S.R.:  The markets will continue punishing Italy until Berlusconi goes. His politics are not very credible, his promises weak and the EU no longer trusts him. We saw this at the G20 in Cannes where Italy was put under International Monetary Fund monitoring. But doubts remain about what happens post-Berlusconi. We don’t know whether the measures Berlusconi agreed with Europe will be carried out by the new government credibly and in time.

For its part, the European Central Bank should buy Italian government debt bonds on the primary market and use them as parachutes. This would considerably reduce the insolvency risk and interest rates would be less exorbitant for Italy. This would be a strong signal for the markets. And what should the EU do to regain stability?

S.R.:  For years German, French and Irish banks lent huge sums to countries such as Greece, Spain and Portugal without worrying about how they were used. Taking advantage of the low interest rates, the debtor countries financed family and state consumer spending instead of investing and creating revenue, jobs and tax yield. These tax resources could have been used to pay back government debts in time as this is logical and what is owed to creditors.  The euro zone crisis is systematic and the only solution is to cancel out a large part of the debts given that these debts are, in a majority of cases, not going to be paid back.

By adopting austerity plans for its members, the EU is taking an accounting approach, balancing government accounts regardless of the economic situation. To ensure long-term economic growth in these times you must avoid austerity programmes and focus instead on more investments in training, research, public services and transport infrastructure. The EU has now entered into a lost decade and getting out of it won’t take three months, or even three years.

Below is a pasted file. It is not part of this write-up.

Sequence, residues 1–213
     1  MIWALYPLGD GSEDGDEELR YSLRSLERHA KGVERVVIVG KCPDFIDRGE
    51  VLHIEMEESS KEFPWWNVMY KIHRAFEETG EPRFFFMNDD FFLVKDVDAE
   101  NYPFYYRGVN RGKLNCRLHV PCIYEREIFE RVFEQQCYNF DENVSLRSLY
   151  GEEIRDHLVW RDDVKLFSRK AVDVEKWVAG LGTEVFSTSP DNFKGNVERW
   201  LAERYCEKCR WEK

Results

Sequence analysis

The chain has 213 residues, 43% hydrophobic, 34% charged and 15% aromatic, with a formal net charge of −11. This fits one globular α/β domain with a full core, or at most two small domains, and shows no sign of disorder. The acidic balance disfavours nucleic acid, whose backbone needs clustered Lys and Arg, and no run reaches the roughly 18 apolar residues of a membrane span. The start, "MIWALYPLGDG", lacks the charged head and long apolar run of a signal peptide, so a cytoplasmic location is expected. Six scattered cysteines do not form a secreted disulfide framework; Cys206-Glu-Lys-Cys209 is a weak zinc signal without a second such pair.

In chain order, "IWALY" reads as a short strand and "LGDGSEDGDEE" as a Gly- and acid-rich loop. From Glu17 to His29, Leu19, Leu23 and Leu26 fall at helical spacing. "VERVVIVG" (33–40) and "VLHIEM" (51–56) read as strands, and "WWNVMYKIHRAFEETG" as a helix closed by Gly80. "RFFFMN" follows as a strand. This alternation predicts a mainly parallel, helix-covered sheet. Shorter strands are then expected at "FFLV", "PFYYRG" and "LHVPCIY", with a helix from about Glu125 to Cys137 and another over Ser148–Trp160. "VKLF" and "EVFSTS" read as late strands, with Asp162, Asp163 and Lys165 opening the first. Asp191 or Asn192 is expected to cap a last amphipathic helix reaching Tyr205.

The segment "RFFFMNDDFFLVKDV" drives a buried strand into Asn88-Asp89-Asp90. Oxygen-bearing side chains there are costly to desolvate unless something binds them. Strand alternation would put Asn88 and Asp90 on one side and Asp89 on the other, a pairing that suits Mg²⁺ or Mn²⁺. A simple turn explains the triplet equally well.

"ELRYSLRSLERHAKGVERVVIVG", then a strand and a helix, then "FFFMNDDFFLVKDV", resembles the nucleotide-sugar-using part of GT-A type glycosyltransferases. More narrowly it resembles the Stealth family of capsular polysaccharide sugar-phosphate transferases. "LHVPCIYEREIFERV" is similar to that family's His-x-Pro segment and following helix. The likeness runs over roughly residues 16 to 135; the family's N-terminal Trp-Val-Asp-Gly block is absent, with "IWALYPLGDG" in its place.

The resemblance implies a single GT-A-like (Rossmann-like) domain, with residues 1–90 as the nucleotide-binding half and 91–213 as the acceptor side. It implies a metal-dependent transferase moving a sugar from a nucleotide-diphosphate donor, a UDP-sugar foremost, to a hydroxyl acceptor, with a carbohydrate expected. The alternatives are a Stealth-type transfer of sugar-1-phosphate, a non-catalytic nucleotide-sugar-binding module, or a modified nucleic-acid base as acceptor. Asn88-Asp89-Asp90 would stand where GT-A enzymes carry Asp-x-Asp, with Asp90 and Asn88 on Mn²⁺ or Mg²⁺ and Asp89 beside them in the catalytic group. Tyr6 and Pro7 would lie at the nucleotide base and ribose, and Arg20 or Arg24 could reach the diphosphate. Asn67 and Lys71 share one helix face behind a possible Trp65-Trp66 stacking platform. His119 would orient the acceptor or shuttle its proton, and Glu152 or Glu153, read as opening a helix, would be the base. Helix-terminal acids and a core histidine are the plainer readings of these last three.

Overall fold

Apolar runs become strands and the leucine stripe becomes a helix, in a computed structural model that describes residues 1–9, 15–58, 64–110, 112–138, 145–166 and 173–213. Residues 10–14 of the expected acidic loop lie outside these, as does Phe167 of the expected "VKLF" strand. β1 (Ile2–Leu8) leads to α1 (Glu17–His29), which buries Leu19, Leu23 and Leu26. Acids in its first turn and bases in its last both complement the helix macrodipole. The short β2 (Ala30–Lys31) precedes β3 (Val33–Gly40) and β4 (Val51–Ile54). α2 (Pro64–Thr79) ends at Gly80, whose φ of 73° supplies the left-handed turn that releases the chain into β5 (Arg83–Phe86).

Italy has Europe’s third largest economy but its government debt stands at €1.9 trillion ($2.6 trillion, SFr 2.3 trillion) the equivalent of 120% of Gross Domestic Product (GDP).

According to the Italian economic ministry’s forecast of September, growth will stop at 0.7% by the end of the year, and drop by a further 0.1% in 2012.

By comparison, Greece has a government debt equivalent to 189% of GDP, France has 86.2% and Germany 83.2%.

Italy has the world’s third largest gold reserves by country after the United States and Germany at 2,451.8 tonnes.

Italy has been downgraded by credit ratings agencies and since the beginning of November is being monitored by the European Union and the International Monetary Fund.

Over the next days, the Italian parliament is due to decide on a financial stability law for the country which has been requested by the EU. The law should reduce government spending and help boost the economy.

European markets reacted negatively to the announcement that Prime Minister Silvio Berlusconi is to resign after the vote on economic reforms.

Yields on 10-year bonds were up at 7.35 per cent on Thursday, well above the threshold that forced Greece, Ireland and Portugal to seek bailouts.

(Translated from Italian by Isobel Leybold-Johnson)